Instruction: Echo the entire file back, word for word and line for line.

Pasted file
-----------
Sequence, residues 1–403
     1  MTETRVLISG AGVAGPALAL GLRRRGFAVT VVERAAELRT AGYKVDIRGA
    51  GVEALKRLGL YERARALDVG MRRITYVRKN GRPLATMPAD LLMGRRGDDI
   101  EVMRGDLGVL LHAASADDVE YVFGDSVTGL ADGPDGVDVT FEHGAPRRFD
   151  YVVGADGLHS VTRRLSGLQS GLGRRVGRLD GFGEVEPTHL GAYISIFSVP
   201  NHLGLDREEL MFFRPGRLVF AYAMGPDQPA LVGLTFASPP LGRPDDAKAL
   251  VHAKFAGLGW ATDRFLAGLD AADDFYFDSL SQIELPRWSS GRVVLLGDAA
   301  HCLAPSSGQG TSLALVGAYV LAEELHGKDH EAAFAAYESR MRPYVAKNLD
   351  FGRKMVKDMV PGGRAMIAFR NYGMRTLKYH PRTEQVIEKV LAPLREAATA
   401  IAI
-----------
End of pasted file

Sequence, residues 1–403
     1  MTETRVLISG AGVAGPALAL GLRRRGFAVT VVERAAELRT AGYKVDIRGA
    51  GVEALKRLGL YERARALDVG MRRITYVRKN GRPLATMPAD LLMGRRGDDI
   101  EVMRGDLGVL LHAASADDVE YVFGDSVTGL ADGPDGVDVT FEHGAPRRFD
   151  YVVGADGLHS VTRRLSGLQS GLGRRVGRLD GFGEVEPTHL GAYISIFSVP
   201  NHLGLDREEL MFFRPGRLVF AYAMGPDQPA LVGLTFASPP LGRPDDAKAL
   251  VHAKFAGLGW ATDRFLAGLD AADDFYFDSL SQIELPRWSS GRVVLLGDAA
   301  HCLAPSSGQG TSLALVGAYV LAEELHGKDH EAAFAAYESR MRPYVAKNLD
   351  FGRKMVKDMV PGGRAMIAFR NYGMRTLKYH PRTEQVIEKV LAPLREAATA
   401  IAI